A3.5            That the number of sharks in Australian waters has increased significantly was put forward by many individuals who contributed to this inquiry.

A3.6            Unfortunately, reliable data on shark populations is not available, although there is work underway by CSIRO to develop an estimate of white shark abundance. Nevertheless, due to what is known about sharks, shark experts consider it highly unlikely that the population could have dramatically increased. For example, Professor Jessica Meeuwig explained that white sharks only start reproducing between 17–20 years of age and 'have one or two offspring every couple years'. The professor emphasised that white sharks 'are just not capable of rapid rebound like a herring or a pilchard'.[4]

A3.7            Professor Nic Bax, a senior principal research scientist at CSIRO told the committee that, with respect to the white shark population, 'it would be hard to imagine that their growth rate could be more than about four per cent a year'.[5]

A3.8            Experts suggested that the perception of an increasing shark population could be explained by a greater number of people being in the water resulting in a higher number of observations.[6] Potentially, a larger number of sharks could be approaching the coast due to changes in the distribution of their prey.[7]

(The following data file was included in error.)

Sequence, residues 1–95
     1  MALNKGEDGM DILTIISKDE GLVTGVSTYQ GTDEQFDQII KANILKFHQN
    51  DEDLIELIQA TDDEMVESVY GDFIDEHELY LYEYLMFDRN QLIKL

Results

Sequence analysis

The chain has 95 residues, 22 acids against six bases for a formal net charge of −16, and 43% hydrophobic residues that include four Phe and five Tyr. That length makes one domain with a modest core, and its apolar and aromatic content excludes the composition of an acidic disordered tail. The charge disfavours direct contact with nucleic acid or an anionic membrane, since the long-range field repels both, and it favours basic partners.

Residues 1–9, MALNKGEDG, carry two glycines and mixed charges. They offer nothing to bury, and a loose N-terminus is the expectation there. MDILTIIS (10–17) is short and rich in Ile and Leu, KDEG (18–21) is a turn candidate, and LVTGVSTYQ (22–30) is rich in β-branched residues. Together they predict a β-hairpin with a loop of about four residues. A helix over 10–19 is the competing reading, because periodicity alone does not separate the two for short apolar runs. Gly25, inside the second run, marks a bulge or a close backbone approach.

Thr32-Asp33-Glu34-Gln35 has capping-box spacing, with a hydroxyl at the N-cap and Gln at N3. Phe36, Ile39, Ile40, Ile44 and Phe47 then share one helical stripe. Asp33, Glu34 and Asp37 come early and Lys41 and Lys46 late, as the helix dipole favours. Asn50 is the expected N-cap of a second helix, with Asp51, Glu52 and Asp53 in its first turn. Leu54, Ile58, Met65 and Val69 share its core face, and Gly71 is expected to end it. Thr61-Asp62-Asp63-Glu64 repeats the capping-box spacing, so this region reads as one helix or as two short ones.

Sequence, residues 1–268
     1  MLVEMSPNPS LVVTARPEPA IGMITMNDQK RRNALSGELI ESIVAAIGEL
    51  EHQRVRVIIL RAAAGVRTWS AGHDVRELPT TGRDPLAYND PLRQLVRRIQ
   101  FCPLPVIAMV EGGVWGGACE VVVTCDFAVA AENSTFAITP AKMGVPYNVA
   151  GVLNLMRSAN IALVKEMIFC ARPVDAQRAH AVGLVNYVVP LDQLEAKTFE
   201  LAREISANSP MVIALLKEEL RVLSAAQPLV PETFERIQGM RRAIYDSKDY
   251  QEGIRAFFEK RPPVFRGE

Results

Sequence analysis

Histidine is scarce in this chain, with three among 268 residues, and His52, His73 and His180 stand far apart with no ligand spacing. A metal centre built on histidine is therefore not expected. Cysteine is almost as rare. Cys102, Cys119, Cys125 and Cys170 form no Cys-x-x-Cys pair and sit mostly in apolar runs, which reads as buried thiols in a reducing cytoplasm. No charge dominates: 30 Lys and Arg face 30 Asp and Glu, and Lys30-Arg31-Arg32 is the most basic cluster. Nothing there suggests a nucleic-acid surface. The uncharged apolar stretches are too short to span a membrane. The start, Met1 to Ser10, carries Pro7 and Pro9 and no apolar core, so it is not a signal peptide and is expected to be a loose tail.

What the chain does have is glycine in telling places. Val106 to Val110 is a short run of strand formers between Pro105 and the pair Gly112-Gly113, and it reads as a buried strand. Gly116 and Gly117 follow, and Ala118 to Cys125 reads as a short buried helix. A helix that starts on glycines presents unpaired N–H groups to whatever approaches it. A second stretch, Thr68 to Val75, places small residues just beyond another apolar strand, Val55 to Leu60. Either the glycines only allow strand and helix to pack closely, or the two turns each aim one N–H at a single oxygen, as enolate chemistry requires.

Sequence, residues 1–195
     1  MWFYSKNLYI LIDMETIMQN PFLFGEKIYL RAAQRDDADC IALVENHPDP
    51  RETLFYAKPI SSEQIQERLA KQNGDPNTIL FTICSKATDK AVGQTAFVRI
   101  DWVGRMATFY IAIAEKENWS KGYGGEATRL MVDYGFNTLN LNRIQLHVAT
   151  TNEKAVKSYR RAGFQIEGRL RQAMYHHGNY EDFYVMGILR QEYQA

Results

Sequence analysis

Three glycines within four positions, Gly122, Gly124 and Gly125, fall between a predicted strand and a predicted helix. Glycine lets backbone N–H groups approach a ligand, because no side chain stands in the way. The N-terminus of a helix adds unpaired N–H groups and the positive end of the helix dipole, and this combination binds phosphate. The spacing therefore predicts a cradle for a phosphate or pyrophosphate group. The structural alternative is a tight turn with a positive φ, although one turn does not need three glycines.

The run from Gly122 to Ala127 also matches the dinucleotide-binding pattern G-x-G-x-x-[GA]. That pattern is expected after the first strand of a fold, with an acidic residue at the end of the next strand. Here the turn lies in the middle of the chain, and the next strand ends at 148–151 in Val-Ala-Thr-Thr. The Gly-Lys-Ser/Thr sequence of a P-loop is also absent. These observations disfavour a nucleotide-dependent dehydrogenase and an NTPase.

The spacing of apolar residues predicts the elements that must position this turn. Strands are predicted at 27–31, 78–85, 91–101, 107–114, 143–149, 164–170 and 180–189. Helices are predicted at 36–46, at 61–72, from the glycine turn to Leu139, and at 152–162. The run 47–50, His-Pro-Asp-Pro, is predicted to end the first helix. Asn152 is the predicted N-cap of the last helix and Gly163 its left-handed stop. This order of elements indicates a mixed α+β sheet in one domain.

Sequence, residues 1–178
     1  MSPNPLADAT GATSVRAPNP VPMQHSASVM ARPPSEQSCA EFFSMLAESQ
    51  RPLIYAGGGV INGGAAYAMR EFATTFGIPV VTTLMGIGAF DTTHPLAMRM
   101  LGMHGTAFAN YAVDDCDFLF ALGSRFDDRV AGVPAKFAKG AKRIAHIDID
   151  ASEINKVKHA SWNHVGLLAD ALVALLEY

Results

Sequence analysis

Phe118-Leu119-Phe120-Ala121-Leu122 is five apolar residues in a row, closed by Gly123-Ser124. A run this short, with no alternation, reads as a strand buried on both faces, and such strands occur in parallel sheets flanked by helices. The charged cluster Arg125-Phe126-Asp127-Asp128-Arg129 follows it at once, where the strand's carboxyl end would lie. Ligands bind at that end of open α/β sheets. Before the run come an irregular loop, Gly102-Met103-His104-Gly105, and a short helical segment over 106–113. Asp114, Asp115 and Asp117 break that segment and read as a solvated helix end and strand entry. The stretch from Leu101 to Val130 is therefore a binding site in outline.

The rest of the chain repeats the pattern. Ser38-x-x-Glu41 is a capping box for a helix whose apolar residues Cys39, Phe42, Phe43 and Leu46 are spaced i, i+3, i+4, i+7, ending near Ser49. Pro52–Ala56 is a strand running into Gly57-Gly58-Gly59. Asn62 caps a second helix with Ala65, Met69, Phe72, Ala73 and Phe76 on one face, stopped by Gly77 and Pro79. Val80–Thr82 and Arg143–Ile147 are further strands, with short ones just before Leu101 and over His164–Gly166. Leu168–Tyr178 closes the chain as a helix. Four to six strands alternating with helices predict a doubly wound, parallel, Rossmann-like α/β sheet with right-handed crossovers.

Sharks target humans as prey

A3.9            As the Department of the Environment and Energy explains on its website, the current understanding of shark species known to be dangerous to humans is that these sharks do not target humans as prey. The majority of human–shark encounters that occur are instead because the shark confuses the person with its normal prey.[8]

A3.10       It was noted that 'sharks are inquisitive (and opportunistic) animals, and will investigate almost anything in the water column or on the surface'. Furthermore, it is considered that most sharks take a 'cautious investigative approach' to large objects in the water.[9] Professor Daniel Bucher added:

Basically, sharks being a top predator, the only enemies they have are bigger sharks. Anything that is sitting on the surface is worth investigating as a potential food item. I do not think they are mistaking us for other prey; I think they have got this electrical sense. They have got a really good sense of sound and movement. They k006Eow this is not their normal food, but it is big enough and it is sitting there, and it is not doing much, and it does not seem to be able to swim as fast as all the other food it might be eating. That is why a lot of attacks are from behind; they are a cautious approach.[10]